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If you want to go on a quest for solving the mysteries of deafness, discovering the genetic machinery in the inner ear that responds to sound waves and converts them into electrical impulses, the language of the brain, is your holy grail.

Scientists at The Scripps Research Institute (TSRI) say have identified just such a chalice; a critical component of this ear-to-brain conversion is the protein called TMHS. This protein is a component of the mechanotransduction channels in the ear, which convert the signals from mechanical sound waves into electrical impulses transmitted to the nervous system. 


Lying, like anything else, can be done pretty well with some practice.  Just like not everyone can be a world class pianist but everyone can sound decent with some time and effort, with a little work, one could learn to tell a lie that may be indistinguishable from the truth, say psychologists.

They say that lying is more malleable than previously thought, and with a certain amount of training and instruction, the art of deception can even be perfected.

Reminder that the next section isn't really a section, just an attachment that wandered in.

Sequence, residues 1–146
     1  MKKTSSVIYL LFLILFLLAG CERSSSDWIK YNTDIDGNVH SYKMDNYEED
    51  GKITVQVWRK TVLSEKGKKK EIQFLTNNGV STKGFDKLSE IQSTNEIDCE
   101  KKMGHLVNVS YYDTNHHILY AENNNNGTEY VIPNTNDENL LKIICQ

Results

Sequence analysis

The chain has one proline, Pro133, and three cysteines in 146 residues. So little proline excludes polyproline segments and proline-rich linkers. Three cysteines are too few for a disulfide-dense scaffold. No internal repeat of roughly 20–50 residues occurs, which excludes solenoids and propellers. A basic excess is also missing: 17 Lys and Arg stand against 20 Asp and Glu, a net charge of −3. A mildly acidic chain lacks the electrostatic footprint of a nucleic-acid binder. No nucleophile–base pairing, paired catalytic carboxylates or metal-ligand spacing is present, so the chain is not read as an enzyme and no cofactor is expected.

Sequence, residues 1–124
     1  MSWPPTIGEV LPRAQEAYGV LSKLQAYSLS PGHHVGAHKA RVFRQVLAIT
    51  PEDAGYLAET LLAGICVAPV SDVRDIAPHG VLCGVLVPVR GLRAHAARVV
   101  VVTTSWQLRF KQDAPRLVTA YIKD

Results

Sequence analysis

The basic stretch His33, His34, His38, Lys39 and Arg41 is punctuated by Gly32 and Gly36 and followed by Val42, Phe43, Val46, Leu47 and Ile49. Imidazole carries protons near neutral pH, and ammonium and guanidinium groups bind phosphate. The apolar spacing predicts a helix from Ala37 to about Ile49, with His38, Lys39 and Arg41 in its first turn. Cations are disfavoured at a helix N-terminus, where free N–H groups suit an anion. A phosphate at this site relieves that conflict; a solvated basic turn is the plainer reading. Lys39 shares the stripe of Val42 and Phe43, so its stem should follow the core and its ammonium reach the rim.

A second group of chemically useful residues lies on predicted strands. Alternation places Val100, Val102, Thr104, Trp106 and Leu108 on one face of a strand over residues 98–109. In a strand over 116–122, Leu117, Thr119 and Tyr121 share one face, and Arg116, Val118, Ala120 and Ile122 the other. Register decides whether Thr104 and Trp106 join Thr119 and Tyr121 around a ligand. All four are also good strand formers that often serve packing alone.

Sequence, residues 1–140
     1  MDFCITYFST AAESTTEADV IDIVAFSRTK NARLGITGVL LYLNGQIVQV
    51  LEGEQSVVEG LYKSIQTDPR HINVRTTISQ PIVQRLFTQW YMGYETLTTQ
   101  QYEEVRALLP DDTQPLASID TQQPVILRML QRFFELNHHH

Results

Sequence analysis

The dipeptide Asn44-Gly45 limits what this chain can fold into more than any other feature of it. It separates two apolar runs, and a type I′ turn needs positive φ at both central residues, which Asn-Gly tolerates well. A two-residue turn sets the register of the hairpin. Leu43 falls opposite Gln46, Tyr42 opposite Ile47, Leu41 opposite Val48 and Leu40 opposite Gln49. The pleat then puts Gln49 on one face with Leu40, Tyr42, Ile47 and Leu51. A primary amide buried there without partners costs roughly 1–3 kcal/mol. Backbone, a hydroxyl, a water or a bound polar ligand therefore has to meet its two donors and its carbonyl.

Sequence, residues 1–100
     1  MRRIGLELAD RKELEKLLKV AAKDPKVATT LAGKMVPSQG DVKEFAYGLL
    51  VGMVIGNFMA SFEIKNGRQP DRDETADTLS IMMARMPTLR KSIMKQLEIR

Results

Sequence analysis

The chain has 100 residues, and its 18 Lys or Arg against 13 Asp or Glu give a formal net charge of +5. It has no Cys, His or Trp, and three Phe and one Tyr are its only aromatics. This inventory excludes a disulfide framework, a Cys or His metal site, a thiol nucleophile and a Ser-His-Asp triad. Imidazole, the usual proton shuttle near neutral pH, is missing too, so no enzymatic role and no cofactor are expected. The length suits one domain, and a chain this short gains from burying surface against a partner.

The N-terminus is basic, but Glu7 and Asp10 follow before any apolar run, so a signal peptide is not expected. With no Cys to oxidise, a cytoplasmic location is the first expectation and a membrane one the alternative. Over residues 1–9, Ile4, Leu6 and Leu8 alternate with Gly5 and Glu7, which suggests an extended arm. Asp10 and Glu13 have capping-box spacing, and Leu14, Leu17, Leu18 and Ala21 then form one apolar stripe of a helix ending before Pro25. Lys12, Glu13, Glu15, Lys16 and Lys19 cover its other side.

Teflon is popular, used on everything from cooking pans to armor-piercing bullets, but it has a waste byproduct, fluoroform, which has to be stored by chemical companies because it has an estimated global warming potential 11,700 times higher than carbon dioxide. 


Testosterone has control over the gender-specific absence or presence of mammary gland nerves that sense the amount of milk available in breast milk ducts, according to a new paper which says that the hormones do the job by altering the availability of a nerve growth factor, called BDNF for short. 


 A nanostructured 'sandwich' of metal and plastic may be a way to nearly triple the efficiency of organic solar cells, those cheap and flexible plastic energy devices that could be the future of solar power.

The researchers were able to increase the efficiency 175 percent and the technology should increase the efficiency of conventional inorganic solar collectors, such as standard silicon solar panels, but that is another research issue. Any solar solution needs to to overcome two primary challenges that cause solar cells to lose energy; light reflecting from the cell, and the inability to fully capture light that enters the cell.


Blocking a specific protein, ABCC10, renders tumors more vulnerable to treatment in mice

ABCC10 is a type of ATP-binding cassette drug efflux pumps, known more simply as ABC proteins. These proteins sit on the membranes of cells, where they act just like pumps—removing cancer drugs from the cell, thereby making them less effective. The body contains close to 50 such proteins but only 3 appear capable of evading the effects of cancer drugs, including common types used to treat lung, ovarian, and breast cancers.